The government has decided to carry out Genome sequencing on all COVID-19 tests of persons entering the country. This is in relation to the Omicron COVID-19 variant that was detected in South Africa early last month.
The variant is believed to be more virulent due to the 32 mutations that it has. So far, it has been detected in; Botswana, Malawi, Mozambique, Lesotho, Namibia, Angola, Zambia; and in West Africa in Nigeria and Ghana. The variant has also been detected in Hong Kong, Netherlands, Thailand, Israel, the U.K, Czech Republic, Italy, Belgium, Germany and the U.S.
Genome sequencing refers to the process of determining the genetic material of an organism. It is used to detect COVID-19 variants.
As a means to safeguard against the importation and spread of the COVID-19 variant, the health ministry has decided to carry out sequencing on all COVID-19 tests that will be carried out at points of entry.
The minister of health, Dr Jane Ruth Aceng says the variant has not yet been detected in Uganda.
She however adds that as a measure to ensure early detection of the variant, genome sequencing will be carried out on all COVID-19 positive tests of travelers entering the country by land or air.
Data from recent tests carried out on travelers at Entebbe shows that 6 cases out of a hundred of tests carried out are positive.
She said the government can easily track these cases incases they are detected to have the Omicron Variant.
Persons detected with the Omicron variant will be placed under home-based care if they don’t have symptoms. The sick will be placed at designated treatment facilities. On the seventh day, they will undergo a second PCR test to detect the presence of the virus.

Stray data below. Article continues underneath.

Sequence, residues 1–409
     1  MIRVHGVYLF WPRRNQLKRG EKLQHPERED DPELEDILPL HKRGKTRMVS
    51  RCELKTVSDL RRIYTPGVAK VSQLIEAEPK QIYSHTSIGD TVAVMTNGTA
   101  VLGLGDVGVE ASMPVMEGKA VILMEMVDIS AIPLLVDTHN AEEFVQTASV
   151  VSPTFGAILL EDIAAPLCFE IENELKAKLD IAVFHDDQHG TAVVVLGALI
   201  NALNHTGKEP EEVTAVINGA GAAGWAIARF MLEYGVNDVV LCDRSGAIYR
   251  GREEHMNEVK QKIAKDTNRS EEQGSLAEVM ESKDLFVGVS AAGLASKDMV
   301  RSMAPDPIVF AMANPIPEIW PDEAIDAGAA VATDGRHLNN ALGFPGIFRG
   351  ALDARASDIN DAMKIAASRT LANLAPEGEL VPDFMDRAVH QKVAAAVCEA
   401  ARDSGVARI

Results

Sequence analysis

In addition to this, contact tracing will be carried out within communities and all COVID-19 positive cases will also undergo genomic sequencing.
The Uganda Virus Research Institute has been carrying out Genome Sequencing periodically. However, due to the high cost of testing, of over USD 200 per test, sequencing has been taking place on a few samples especially those picked in areas with high infection rates like Kampala.
Scientists who sit on the Ministerial COVID-19 Scientific Committee say that there’s no need to introduce tough measures on persons travelling from South Africa.
Dr Misaki Wayengera, the chairman of the ministerial Scientific COVID-19 task force says the decision not to ban travellers from South Africa is an informed one.
Apart from this, no other measures have been introduced.
Old measures like testing all travelers on arrival and letting them go will remain the same.
Persons arriving, even those from countries where the Omicron Variant has been detected will be allowed to go home or to their destinations and await their results by email or Watsapp.
The minister however urged all travelers to be sincere and offer the right information so as to safeguard the communities they come from.
According to Aceng, at least two people out of the six detected positive cases at Entebbe Airport offer false information. She says persons who give false information will be found using their passport and National Identification information.
While the World Health Organisation is still carrying out studies to better understand the Omicron, the variant is believed to be the driver behind the high number of COVID-19 cases being reported.
Reports from the Southern Africa country show that since November when the variant was forts detected, the country has reported a 311 percent increase in new cases.